What are the implications for this in practice?
Examples of healthcare providers not being identified from observed data when their true performance is outside of some threshold are by their very nature difficult to identify, as they would need to be identified in some other way. However, it seems conceivable that opportunities to investigate poorly performing providers (or to identify good practice) are likely to have been missed.
The increased emphasis on the use of funnel plots to report clinical outcomes7 ,11 ,34–41 means that this method is increasingly being applied to providers where the value of E is small. The probabilities of identifying a poorly performing provider shown in this paper suggest that the reporting of rare outcomes in this way may have only a limited role in healthcare monitoring. There is a low probability, when E is small, of providers being identified as outliers even if their true performance is substantially different from that expected. While the problem of small sample sizes and the low probability of identification (statistical power) is well recognised for clinical trials,42 we are not convinced that the problem has been widely acknowledged in healthcare monitoring.
What should be done in practice?
The choice of healthcare performance outcomes that are not rare may alleviate some of this problem but any choice of quality indicators is challenging,24 ,43 and this is particularly difficult within clinical specialties and subspecialties where the number of patients is small. In the UK, advice to regulatory authorities, funders, managers and clinical teams has been that statistical significance should be used when deciding which providers should undergo further investigation.7 However, we suggest that statistical significance alone is unlikely to fully inform these decisions. Missed opportunities to identify both good and poor quality care result in unnecessary harm to patients, who are increasingly being given the opportunity to determine where they wish to receive their care, as well as increased healthcare cost implications and negative consequences for the staff involved.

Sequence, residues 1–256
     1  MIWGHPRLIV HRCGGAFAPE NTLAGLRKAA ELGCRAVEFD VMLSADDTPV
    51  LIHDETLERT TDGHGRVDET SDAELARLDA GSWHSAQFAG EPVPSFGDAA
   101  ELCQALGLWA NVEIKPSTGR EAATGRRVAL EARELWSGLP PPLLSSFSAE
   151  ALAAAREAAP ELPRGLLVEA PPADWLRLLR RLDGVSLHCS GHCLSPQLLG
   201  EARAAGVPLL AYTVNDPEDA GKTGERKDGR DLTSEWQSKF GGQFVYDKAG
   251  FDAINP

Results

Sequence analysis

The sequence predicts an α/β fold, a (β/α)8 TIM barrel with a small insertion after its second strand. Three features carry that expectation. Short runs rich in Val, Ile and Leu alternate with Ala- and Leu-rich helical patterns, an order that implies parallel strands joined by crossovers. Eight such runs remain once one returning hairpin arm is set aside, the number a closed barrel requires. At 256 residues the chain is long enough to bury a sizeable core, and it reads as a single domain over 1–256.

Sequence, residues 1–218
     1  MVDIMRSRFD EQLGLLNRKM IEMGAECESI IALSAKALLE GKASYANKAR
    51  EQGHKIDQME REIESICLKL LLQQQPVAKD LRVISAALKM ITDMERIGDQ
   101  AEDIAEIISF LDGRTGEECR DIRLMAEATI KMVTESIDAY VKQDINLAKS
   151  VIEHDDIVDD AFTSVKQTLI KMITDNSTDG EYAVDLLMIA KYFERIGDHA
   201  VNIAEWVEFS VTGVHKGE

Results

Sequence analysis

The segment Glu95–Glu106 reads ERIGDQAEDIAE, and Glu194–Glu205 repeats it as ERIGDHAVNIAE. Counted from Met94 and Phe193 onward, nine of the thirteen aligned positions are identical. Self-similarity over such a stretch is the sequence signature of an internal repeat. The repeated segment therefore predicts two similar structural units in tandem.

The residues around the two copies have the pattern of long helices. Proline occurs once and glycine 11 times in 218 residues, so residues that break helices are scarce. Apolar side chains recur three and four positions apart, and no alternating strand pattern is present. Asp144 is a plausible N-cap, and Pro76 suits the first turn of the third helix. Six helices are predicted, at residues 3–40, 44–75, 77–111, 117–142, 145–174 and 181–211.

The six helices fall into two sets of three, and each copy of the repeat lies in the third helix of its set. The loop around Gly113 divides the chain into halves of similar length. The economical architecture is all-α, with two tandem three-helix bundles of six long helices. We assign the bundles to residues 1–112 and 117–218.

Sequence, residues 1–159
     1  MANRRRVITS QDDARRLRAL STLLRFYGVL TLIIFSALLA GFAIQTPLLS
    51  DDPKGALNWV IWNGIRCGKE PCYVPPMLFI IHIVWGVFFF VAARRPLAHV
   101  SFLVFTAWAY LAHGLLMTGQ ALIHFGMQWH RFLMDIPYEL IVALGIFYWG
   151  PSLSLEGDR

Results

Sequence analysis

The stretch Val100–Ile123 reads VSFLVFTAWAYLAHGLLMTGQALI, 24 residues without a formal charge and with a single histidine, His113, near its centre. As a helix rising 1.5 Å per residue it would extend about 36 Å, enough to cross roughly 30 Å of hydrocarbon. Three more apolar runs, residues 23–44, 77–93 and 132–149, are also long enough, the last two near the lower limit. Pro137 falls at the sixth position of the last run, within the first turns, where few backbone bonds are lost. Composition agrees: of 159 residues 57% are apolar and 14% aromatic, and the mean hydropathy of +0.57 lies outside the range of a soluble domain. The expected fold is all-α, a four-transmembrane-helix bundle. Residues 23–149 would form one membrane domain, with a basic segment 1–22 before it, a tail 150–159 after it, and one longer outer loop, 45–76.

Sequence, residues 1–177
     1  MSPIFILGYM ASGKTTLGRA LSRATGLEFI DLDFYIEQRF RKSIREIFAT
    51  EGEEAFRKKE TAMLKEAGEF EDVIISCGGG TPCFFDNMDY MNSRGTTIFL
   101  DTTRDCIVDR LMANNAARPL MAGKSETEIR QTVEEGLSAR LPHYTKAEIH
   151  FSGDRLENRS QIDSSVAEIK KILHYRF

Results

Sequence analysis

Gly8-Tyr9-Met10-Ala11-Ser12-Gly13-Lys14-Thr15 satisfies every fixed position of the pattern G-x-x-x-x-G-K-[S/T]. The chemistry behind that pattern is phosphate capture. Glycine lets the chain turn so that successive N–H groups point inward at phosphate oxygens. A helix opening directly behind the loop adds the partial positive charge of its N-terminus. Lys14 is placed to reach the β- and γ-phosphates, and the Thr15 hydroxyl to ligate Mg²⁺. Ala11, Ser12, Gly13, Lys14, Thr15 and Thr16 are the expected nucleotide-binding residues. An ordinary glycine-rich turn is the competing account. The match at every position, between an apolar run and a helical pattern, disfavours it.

While it is important that, as far as possible, healthcare providers are not identified as outliers unnecessarily, as being investigated can have important consequences for the providers, patients and commissioners, it is also important that providers with a true clinically important divergent performance are identified and the reasons for this established. The findings of this paper add to previous calls for further discussion of the methods used in the routine reporting and comparison of rare outcomes between providers.33 ,44
Funnel plots for the SMR should be used with caution when the expected number of events is small, as the probability of identifying true outliers is likely to be small. On the other hand, when E is larger, care must be taken as a provider may be identified as an outlier even when its divergence is of little or no clinical importance.
References
Footnotes

Contributors The original concept for the paper was conceived by BNM and EWS. The statistical analyses were undertaken by SES and BNM. All authors contributed to the drafting of the paper and approved the final manuscript as submitted.

Funding HFL was supported by an innovation grant from the Department of Public Health, Erasmus MC.

Competing interests None.

Provenance and peer review Not commissioned; externally peer reviewed.